pomp and splendour of an imVOL. III. (1833) NO. III.
perial court could neither reconcile her to the luxuries of the harem, nor make her forget the homely charms of her native wilderness. Her solitary hours were consumed in melancholy musings; and her greatest delight was in singing the simple pleasures she had enjoyed in the desert. The modern Bedouins decline the shelter of houses when business calls them to visit crowded cities. They are seen passing the night in the gardens or public squares of Cairo, Mecca, and Aleppo, in preference to the apartments that are offered for their accommodation.
On the other hand, if we contemplate the Arabs who constitute the other great division of the inhabitants of Arabia, we shall find their customs, manners, and laws abounding in all the tokens of an essentially industrious people; for the soil being to such an object of interest, and, consequently, of competition, it follows, of necessity, that it should also be an object requiring, in its appropriation, the general consent of the community. Hence the subdivision of the soil was adopted, and the right of property in individuals recognised. Though the Arabs, it is certain, made considerable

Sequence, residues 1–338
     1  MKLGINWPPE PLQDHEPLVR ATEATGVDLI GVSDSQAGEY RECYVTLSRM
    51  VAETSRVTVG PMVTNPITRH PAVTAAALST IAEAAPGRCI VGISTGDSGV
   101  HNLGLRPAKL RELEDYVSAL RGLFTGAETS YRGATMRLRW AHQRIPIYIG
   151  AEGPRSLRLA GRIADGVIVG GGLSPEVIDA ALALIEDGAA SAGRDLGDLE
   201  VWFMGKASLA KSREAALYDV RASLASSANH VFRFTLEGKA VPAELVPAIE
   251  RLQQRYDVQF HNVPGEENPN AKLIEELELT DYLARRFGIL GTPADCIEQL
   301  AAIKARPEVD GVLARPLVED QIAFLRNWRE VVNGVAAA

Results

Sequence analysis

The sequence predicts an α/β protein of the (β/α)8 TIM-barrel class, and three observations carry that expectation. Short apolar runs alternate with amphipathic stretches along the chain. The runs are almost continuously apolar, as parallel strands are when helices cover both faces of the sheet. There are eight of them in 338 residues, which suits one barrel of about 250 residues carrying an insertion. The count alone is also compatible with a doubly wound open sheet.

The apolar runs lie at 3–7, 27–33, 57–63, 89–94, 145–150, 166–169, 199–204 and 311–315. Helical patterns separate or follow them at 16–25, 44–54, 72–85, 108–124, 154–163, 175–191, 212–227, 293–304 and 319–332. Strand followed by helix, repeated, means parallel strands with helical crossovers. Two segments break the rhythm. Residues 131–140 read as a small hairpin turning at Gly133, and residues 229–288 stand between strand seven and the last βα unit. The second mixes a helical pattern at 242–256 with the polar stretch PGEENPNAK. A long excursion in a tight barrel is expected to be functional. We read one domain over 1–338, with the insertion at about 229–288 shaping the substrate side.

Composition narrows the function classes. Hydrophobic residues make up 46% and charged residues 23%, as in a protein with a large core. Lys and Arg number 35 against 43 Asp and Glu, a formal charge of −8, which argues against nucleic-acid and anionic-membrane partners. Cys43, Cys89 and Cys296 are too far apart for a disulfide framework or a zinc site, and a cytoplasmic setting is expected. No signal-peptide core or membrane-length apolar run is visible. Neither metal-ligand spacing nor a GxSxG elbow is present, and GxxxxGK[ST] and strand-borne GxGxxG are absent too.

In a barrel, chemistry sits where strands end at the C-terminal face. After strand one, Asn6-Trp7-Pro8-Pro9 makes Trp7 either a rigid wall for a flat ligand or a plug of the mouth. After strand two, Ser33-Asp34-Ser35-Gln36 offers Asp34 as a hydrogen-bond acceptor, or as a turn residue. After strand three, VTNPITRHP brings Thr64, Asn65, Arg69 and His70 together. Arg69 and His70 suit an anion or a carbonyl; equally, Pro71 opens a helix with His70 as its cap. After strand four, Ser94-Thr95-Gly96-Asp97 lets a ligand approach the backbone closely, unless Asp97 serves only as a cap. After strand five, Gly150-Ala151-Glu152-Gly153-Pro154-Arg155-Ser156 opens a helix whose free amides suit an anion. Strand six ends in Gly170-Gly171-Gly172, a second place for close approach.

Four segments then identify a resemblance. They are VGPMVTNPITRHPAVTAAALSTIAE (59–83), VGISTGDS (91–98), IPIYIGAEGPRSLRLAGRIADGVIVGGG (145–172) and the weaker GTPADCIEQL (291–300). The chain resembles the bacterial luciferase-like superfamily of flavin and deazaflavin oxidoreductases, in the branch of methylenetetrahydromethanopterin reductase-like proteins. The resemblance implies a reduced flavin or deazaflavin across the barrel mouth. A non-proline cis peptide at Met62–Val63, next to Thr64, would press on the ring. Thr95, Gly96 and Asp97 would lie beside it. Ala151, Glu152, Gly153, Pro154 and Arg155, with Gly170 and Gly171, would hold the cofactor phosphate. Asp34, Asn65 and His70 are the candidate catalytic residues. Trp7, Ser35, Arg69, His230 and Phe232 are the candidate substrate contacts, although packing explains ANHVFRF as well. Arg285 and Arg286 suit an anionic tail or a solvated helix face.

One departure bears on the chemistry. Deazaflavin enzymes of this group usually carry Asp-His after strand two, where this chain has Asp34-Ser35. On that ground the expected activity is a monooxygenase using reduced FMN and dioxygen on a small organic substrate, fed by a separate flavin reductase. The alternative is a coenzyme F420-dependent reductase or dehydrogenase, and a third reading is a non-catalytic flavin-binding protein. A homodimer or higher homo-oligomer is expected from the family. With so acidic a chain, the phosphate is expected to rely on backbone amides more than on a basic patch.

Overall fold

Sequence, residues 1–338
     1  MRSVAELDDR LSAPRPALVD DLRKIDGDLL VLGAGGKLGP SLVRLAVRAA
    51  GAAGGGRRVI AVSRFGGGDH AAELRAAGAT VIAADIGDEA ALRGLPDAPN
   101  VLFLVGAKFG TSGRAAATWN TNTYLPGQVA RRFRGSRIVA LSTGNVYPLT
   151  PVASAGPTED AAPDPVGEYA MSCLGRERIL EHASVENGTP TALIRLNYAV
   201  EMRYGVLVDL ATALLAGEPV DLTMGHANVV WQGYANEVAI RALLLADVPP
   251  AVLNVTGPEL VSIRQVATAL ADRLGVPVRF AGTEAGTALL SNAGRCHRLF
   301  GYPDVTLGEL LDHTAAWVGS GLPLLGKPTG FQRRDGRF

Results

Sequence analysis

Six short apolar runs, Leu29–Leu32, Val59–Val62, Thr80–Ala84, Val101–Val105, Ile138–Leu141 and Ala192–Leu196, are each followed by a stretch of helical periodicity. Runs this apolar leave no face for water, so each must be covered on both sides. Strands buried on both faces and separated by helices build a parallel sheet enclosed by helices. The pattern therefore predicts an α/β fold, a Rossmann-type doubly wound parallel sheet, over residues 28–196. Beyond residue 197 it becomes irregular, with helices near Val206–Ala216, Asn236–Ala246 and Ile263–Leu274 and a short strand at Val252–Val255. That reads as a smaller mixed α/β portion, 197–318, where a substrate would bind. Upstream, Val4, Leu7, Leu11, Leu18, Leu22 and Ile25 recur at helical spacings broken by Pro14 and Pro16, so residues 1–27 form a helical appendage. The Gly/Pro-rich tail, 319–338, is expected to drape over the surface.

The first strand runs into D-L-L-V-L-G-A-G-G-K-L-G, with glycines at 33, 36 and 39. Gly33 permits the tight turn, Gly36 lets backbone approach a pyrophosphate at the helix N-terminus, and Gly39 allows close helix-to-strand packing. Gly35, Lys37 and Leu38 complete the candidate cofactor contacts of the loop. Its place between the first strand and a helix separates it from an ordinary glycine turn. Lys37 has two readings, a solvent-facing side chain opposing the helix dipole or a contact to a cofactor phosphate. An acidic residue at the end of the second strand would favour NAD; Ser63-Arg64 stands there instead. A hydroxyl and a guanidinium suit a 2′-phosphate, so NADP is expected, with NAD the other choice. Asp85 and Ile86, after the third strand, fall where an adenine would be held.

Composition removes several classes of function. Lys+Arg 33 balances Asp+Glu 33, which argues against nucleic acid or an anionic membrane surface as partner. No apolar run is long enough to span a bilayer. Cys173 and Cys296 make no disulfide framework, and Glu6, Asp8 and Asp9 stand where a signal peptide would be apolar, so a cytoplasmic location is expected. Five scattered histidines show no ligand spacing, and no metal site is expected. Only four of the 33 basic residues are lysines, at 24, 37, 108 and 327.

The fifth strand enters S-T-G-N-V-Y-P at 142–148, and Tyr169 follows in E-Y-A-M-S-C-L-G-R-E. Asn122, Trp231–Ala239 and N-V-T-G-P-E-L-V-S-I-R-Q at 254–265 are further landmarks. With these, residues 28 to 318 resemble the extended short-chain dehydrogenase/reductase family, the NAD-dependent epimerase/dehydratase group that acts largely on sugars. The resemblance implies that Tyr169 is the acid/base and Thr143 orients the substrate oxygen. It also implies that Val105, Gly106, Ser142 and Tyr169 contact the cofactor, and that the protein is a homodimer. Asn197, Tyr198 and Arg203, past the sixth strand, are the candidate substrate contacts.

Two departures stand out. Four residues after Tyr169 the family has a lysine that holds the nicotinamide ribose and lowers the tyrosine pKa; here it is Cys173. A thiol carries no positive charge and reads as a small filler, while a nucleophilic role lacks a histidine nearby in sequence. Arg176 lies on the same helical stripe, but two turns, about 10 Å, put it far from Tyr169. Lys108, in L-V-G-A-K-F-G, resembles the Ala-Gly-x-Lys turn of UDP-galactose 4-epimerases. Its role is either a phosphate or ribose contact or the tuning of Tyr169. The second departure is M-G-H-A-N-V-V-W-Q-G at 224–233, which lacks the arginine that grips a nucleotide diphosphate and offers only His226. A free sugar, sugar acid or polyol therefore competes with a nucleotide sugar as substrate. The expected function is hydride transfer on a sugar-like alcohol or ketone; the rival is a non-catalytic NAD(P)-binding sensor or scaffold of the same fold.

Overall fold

progress in agriculture, still of the particulars of their practice we are now ignorant, and our information on the subject is far more scanty than it is upon the other still greater branch of their occupation, namely, their commerce. Every thing connected with their history, local position, their moral necessities, their natural habits, proves that they were the first navigators of their own seas, and the first carriers of oriental produce. The Old Testament, Diodorus, Agatharcides, and other writers, describe the magnificence of the early Arabs. In one district we find there was an abundance of every production which could make life happy; in another, the land plentifully yielded the choicest luxuries; the trees wept odorous gums, and the gales were so perfumed with excessive fragrance, that the natives were obliged to renew their cloyed sense of pleasure by burning pitch and goats' hair under their noses. They cooked their victuals with scented woods ; living in the careless and delightful enjoyment of those blessings which conferred on their country the appellation of Happy. In their expensive habits they rivalled the magnificence of princes. Their houses were decorated with pillars glistening with gold and silver. Their doors were of ivory, crowned with vases, and studded with jewels. The interior of their habitations corresponded with their outward appearance; in articles of plate and sculpture, in furniture, beds, tripods, and various household embellishments, they far surpassed any thing that Europeans ever beheld. Other writers speak in similar terms of the luxury and riches of the people of Saba. Arrian, in the Periplus, mentions their embroidered mantles, their murrhine vases, their vessels of gold and silver elegantly wrought, their girdles, armlets, and other female ornaments. Strabo describes their bracelets and necklaces, made of gold, and pellucid gems, arranged alternately; as well as their cups and other domestic utensils, all composed of the same precious metals; which, we are assured, were so abundant, that gold was but thrice the value of brass, and only twice that of iron; while silver was reckoned ten times more valuable than gold: their mountains producing the latter commodity in vast quantities, nearly in its pure state, and in lumps from the size of an olive to that of a nut.